I’m not sure if its the large number of problems around the world, or Americans’ tendency to forget things right after it happened…but I’m guessing most people don’t realize how much work is left to be done on the Gulf Coast from the destruction of Hurricane Katrina. My mom has gone down many times to help and recently returned and wrote up the following report on her experience. As always I thought it was very interesting and it made me sad that I’ve never been able to go.
Last week I joined a group of 10 people from Grace Church Brooklyn Heights and the Brooklyn Botanic Garden on a Hurricane Katrina reconstruction trip to New Orleans. This was Grace’s 10th mission trip to the Gulf Coast and my third. It says something about the state of affairs in New Orleans that someone would want an old lady up on a ladder sanding their ceilings. But if you check out the first picture that’s what you will see. I spent the entire week sanding and mudding dry wall. Not the most exciting experience but eventually I came to see it as an art. We had to wear masks to protect us from the dust that was everywhere. By the next day I was wearing goggles as well. We were working on a house in the Seventh Ward. For most of the week, the neighborhood was completely deserted. As best we could tell only two houses on the block were occupied. Many of them are boarded up or the roof has caved in; in some circumstances they are now covered with vegetation. If you look at the next picture, you can see our entire group and the front of the house. Check out the hole in the gable. That is where the owner broke through and escaped to the roof where he was rescued by a boat–meaning the water was up almost that high. Mr. Hammond (he is the black man in the second picture) who owned the house we were working on was incredibly grateful for our help. He has been living in a FEMA trailer for almost four years. He was actually written up in the New York Times. You can read his story here http://www.nytimes.com/2009/05/08/us/08trailer.html?_r=1. Most of those people were in our group but there are three people there who had flown in from Hawaii to work for a week.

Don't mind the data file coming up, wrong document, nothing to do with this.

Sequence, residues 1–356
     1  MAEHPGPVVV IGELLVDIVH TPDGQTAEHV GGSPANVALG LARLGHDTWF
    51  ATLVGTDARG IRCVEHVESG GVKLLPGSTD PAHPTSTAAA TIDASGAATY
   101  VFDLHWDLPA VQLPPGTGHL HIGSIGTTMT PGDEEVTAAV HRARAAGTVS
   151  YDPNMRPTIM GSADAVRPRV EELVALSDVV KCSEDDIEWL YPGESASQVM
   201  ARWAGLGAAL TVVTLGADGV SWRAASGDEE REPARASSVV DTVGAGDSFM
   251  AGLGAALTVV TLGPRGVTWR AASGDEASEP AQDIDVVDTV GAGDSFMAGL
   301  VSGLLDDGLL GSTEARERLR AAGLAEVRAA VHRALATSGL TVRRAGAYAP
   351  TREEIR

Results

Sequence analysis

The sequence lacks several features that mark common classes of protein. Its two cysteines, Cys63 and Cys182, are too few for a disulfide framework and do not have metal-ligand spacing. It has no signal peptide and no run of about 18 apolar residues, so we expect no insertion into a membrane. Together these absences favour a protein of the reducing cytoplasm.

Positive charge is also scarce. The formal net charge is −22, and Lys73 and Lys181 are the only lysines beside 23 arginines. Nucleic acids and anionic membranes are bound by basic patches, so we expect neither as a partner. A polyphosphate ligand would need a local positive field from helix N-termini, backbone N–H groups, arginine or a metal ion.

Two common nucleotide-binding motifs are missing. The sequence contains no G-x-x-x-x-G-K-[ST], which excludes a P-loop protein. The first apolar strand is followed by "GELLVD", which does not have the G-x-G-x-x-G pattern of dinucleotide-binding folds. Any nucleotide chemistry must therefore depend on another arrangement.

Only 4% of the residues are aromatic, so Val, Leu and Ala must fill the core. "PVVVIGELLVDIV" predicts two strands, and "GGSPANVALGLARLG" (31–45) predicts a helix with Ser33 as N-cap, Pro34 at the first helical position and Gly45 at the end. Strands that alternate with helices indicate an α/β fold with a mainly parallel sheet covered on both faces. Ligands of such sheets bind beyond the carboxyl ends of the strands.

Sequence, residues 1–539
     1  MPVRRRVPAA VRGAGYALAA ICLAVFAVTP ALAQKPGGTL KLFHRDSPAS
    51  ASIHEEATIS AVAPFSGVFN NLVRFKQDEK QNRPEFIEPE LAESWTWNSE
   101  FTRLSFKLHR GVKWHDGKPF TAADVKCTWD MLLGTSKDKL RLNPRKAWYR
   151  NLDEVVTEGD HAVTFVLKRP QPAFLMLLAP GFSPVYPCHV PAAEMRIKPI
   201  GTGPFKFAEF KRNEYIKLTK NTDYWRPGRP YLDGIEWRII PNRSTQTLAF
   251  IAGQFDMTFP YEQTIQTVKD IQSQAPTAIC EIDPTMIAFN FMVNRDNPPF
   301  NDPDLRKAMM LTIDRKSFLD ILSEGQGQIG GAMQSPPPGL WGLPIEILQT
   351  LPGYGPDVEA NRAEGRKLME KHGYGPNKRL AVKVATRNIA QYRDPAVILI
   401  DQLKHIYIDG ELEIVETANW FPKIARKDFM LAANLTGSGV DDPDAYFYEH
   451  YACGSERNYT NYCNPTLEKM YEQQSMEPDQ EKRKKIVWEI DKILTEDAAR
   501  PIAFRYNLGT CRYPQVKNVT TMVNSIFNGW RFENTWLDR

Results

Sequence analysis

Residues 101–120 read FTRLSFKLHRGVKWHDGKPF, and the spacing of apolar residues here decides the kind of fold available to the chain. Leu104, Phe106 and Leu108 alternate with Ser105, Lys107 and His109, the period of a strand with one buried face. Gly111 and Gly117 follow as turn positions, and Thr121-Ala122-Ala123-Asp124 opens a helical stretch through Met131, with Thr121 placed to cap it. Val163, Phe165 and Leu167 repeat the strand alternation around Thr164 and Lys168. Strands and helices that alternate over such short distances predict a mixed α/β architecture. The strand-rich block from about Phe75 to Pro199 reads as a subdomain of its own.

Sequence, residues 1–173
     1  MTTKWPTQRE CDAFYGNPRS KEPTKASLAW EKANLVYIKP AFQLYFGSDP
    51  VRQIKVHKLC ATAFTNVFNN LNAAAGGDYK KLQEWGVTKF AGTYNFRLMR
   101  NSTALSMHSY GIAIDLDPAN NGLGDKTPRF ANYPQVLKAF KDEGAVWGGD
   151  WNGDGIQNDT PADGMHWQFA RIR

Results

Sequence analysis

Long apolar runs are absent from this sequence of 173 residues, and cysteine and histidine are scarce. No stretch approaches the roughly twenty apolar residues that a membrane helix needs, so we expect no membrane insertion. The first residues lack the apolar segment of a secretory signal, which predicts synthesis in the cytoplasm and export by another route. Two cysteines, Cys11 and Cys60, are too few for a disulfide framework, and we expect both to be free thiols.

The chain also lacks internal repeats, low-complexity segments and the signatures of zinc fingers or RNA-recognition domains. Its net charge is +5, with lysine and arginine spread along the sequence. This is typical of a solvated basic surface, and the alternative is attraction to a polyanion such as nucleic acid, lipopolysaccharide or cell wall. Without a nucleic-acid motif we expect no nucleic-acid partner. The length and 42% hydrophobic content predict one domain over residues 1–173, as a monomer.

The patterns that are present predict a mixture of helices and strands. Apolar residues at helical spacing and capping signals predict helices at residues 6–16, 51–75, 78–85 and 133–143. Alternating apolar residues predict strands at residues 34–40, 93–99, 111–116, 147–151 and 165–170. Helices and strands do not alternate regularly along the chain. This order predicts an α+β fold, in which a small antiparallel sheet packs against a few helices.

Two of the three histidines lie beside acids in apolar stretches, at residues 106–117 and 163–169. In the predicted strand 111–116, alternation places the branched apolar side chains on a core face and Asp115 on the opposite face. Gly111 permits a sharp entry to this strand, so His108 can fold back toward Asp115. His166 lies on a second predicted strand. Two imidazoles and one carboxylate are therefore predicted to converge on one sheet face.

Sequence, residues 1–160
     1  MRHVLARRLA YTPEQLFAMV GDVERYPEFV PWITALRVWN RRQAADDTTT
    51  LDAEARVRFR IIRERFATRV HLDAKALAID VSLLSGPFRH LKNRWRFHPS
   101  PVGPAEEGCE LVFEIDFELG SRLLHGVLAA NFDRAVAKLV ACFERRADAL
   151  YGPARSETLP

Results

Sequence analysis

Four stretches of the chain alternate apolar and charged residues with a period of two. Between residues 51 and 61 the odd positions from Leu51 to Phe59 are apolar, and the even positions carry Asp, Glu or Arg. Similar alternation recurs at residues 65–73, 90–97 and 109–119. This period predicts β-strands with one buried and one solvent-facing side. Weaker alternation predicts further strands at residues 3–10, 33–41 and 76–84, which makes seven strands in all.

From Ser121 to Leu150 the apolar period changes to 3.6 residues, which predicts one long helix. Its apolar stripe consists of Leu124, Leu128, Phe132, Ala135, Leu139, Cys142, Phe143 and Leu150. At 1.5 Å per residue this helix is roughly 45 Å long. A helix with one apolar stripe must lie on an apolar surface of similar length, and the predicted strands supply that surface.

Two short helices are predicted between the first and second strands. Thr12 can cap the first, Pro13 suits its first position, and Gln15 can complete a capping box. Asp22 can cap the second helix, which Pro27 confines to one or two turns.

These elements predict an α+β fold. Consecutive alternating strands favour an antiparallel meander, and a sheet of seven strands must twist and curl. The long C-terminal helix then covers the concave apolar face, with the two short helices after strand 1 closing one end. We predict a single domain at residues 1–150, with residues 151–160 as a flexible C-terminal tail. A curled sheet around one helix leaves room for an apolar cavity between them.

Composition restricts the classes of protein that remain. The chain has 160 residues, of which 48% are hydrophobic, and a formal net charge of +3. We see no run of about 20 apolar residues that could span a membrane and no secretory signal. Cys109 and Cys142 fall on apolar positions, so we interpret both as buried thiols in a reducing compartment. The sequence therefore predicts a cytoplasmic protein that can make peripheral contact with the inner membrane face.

We were very lucky that the weather was perfect while we were there. It was in the low 70′s, which was good working weather. We ate our lunch everyday by sitting in the concrete front yard–3d picture–where we soaked up the sun and complained about the sanding. We worked from 8 am to 3:30 each day. We actually quit about 3 and cleaned up all the supplies–see 4th picture. Everything–all the tools, supplies–etc. had to be loaded on a truck everyday and taken back to the warehouse because they were afraid of theft.
One funny story. One day a large truck came down the block and appeared to drive off the curb, where it sat half turned over. Later in the day a big forklift came and we all got a charge out of the fact that the driver did a terrible job because in trying to right it, he turned it all the way over on its side. Then they came back and took an old washing machine and propped it up. The next day another truck came and dropped two half-demolished cars onto the block. The next day there were old refrigerators and other appliances thrown in a yard. And then they came and sprayed mud all over them. It turned out that a new HBO pilot was being made called Treme about NOLA after Katrina. They were recreating the days after Katrina when we were doing our best to clean it up!